Promoting in a social media world

Leading horses to water

Promoting a novel can be extremely challenging, and in ways that are different from promoting a website or a toy or a machine that goes *ping* at regular intervals.  Novels are subjectively enjoyable, frequently disappointing, and an unavoidable commitment. Nobody wants to get stuck reading a bad one, or worse, having to tell the person who wrote it that they thought it was bad.

Despite that, if I know you, I will continue to expect you to buy my novel and read it.  Why?

  • From my perspective: it’s very good; you will be sharing something that came from me and is important to me; you will tell other people.
  • From your perspective: the odds that you know a novelist that is actually very good at novel-writing are small, while the odds that the person you know is overstating the quality because of an unavoidable bias are rather high; in buying it you’re being nice, but you’re not expecting much.

Here, then, is the Catch-22: I know what your perspective is because it’s my perspective with most of the people I know who are also writers, yet I have to continue to promote the book to you and to everyone else I know, because it’s all I have. Yet the more I promote it, the more I confirm your concerns, even if unconsciously: he’s selling it to his friends because nobody else is buying it. Because it isn’t good.

Creative ways to keep it in front of you

Since Immortal debuted I have spent a lot of time posting links to: my blog; the Amazon sales page; the Smashwords sales page; and various press releases and reviews, and I have been doing this on what I would call a highly regular basis.  These links go up on Twitter and are cross-posted to Facebook (when I don’t post them directly to Facebook) and are not without their detractors.  “Stop spamming me, your links are taking up my whole page,” I have heard.  And that was from my wife.

At first, I just posted straightforward tweets, like “Read Immortal” which is dull, but essentially informative.  The problem is you post enough of those and you may as well be a spambot offering a thicker penis.  (Incidentally, if you read Immortal you will have a thicker penis.)  So I write creative tweets, or funny tweets, or odd tweets.  I have touted the book as a potential murder weapon; I have declared that not buying it means the terrorists win; I have implored buyers to get it because it simply doesn’t suck.  I wrote a hostage letter tweet once announcing that you had to buy it “or the kitten dies.”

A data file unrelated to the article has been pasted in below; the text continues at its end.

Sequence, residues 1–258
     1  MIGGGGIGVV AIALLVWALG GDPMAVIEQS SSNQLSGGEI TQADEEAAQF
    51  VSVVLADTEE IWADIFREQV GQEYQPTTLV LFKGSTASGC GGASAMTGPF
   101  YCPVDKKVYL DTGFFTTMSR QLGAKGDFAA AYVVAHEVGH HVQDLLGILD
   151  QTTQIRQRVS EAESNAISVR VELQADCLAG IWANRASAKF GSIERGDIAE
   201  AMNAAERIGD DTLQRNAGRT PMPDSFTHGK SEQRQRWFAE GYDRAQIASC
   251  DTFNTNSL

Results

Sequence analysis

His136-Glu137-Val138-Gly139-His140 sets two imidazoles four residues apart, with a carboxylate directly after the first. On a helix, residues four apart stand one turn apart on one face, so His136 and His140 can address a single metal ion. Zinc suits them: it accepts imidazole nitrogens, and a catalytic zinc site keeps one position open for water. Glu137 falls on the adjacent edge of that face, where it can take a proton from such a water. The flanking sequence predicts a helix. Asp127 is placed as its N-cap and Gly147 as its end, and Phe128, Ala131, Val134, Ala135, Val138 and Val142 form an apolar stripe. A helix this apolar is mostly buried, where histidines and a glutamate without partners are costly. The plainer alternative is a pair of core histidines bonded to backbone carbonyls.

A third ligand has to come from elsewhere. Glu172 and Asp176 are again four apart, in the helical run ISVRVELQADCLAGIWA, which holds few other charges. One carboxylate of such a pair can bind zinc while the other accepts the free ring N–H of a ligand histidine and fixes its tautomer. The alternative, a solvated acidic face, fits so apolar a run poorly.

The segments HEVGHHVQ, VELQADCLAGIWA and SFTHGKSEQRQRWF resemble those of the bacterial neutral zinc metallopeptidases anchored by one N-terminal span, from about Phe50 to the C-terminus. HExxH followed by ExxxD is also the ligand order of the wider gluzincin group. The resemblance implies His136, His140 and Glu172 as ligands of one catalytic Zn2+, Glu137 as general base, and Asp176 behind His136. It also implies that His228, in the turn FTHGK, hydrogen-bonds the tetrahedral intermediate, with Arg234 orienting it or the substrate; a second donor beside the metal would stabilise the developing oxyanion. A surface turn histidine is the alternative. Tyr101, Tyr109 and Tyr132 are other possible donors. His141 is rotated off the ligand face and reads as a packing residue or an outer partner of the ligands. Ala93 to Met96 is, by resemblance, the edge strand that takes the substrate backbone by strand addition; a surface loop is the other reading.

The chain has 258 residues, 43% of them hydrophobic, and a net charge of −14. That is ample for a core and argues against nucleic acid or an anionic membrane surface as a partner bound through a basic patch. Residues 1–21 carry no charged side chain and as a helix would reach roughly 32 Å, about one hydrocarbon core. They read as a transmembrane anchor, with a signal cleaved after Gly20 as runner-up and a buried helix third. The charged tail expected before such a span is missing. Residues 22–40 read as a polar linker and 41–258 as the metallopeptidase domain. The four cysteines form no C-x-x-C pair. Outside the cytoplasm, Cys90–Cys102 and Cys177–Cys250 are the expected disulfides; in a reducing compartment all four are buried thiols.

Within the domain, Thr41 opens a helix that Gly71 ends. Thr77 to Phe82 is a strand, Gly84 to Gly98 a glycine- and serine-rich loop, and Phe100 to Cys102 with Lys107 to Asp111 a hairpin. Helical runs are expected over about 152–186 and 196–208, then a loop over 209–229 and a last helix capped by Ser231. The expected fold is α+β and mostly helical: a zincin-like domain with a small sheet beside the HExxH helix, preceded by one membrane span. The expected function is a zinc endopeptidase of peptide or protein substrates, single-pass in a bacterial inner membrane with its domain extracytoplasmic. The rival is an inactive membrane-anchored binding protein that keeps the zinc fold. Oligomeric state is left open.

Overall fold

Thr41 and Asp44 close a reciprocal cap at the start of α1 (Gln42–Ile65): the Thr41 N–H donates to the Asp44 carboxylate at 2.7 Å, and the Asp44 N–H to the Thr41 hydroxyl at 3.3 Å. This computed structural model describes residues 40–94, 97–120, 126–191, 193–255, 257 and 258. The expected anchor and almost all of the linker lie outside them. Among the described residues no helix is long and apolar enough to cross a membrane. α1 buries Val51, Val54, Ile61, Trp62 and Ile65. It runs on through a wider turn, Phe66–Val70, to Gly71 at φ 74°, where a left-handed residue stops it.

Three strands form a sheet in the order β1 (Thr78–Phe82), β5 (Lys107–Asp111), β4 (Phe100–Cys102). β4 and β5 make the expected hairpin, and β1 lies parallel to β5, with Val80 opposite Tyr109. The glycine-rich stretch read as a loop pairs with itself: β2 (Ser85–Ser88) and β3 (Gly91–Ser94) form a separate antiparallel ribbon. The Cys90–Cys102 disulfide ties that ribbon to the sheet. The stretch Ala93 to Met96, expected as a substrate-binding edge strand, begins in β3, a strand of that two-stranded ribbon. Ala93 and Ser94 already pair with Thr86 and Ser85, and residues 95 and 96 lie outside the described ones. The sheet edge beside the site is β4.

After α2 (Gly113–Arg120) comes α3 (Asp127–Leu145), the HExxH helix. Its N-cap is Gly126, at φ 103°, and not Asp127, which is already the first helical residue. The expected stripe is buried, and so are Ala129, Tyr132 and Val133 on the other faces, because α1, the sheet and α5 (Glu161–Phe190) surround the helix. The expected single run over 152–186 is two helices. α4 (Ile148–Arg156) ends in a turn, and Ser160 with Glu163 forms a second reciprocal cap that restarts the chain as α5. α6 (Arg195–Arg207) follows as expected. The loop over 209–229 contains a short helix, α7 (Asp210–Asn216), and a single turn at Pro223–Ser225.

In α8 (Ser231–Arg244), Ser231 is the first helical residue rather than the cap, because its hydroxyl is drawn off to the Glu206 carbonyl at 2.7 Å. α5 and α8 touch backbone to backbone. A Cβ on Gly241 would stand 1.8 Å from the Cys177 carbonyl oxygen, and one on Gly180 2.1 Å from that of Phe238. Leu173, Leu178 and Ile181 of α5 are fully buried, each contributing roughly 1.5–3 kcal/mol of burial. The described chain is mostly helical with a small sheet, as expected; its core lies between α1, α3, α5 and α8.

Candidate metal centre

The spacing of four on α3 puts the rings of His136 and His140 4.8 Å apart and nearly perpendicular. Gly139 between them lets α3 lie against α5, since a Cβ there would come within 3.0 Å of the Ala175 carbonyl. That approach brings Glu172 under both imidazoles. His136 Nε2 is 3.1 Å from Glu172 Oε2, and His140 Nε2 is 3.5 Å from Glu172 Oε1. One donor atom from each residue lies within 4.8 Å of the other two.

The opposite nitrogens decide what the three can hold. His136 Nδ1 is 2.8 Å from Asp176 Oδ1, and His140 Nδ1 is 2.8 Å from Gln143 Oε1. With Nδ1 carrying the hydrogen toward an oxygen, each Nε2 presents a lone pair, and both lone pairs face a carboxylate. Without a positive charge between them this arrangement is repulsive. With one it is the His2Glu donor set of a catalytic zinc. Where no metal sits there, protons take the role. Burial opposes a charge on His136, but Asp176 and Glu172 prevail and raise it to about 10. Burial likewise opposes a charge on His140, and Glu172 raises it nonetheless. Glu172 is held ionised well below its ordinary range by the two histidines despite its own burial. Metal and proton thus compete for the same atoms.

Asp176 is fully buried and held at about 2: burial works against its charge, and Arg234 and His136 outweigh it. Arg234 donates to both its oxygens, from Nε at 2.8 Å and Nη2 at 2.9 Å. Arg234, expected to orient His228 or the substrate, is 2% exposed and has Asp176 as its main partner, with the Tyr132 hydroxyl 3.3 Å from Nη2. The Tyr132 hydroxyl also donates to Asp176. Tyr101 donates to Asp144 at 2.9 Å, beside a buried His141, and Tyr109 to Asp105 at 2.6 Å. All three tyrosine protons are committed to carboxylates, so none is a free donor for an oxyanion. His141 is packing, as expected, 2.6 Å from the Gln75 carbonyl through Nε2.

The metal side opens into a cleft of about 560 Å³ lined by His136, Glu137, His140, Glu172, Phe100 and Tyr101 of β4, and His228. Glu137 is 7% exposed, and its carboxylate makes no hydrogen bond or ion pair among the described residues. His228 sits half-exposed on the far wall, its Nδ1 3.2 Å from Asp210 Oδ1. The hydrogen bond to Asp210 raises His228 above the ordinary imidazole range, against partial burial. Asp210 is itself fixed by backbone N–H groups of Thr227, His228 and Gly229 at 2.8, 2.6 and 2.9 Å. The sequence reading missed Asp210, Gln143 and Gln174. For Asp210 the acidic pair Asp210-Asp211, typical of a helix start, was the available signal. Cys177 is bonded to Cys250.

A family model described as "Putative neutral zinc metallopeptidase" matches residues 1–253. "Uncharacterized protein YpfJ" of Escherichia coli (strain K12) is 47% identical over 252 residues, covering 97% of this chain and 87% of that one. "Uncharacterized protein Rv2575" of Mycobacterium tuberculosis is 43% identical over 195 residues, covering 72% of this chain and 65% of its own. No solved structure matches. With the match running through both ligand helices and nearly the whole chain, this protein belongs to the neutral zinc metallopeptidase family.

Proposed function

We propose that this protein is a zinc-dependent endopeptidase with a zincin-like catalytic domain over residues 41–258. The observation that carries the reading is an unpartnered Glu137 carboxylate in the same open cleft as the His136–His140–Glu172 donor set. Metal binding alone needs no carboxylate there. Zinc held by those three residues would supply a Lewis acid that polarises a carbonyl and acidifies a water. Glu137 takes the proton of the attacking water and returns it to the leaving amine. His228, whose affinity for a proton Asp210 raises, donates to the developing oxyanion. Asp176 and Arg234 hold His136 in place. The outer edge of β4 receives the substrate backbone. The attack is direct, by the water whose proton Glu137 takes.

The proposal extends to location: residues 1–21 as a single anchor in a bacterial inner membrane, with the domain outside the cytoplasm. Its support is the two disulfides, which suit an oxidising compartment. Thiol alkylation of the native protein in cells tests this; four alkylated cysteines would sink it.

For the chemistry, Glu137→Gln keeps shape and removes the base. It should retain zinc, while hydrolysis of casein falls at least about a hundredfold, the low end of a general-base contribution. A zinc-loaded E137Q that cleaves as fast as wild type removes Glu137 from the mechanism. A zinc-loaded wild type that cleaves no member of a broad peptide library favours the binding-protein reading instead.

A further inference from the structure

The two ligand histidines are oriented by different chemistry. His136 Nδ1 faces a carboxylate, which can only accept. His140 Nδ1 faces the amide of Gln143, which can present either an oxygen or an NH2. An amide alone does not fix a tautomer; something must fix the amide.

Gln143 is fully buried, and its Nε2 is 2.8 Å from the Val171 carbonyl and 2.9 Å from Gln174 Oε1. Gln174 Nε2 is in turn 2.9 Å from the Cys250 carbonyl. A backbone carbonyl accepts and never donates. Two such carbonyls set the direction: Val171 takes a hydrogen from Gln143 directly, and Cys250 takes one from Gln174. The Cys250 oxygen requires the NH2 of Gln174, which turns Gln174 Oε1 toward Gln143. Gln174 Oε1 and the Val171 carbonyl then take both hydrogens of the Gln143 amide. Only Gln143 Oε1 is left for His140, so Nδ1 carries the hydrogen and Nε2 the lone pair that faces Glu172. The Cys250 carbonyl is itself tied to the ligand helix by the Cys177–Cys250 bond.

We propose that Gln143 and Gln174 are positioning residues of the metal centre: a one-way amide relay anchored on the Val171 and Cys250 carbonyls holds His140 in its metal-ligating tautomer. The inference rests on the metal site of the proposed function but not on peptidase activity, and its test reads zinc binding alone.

You get the idea.  I am mindful that the people following my twitter feed and my facebook page are not just there to hear me repeatedly beg them to spend money on me all day, every day.  But I have to continue to promote the book, so I try to keep the promotional tweets as entertaining as I can.

Sometimes, I ask other people to help me promote, and their approach is much the same.  Which is how I ended up fielding an interesting complaint this morning about the scurrilous nature of some of the promotional tweets.  Because to catch someone’s eye and get a sales tweet re-tweeted, you have to write something interesting and retweet-able.  (Read comment and replies here.)

But why keep doing it?

You may argue that yes, you are aware of the book, and yes, you intend to buy it at some time but no, you really don’t want to keep hearing about it.  I understand.  But appreciate that to sell something effectively, the name of that something has to be introduced to someone more than once.  Especially with novels, where the “I’ve heard of that book; how was it?” factor is incredibly significant.

The buzz has to start somewhere.  I have to convince people I know to read something so that they can convince people I don’t know to read it.  And the only way I have to make sure the people I know get themselves a copy is to put it in front of their eyes on a semi-regular basis.  Both Twitter and Facebook have scrolling status/update screens, so sometimes making sure Immortal is in front of everyone means a new tweet/post a few times a day.

Is it annoying?  It can be.  That’s why the tweets are usually different, and usually tongue-in-cheek.

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No Comments

  1. Jane on December 7, 2010 at 3:22 pm

    I have to say that I do believe what you are doing is too much and have personally thought about removing you from my twitter stream.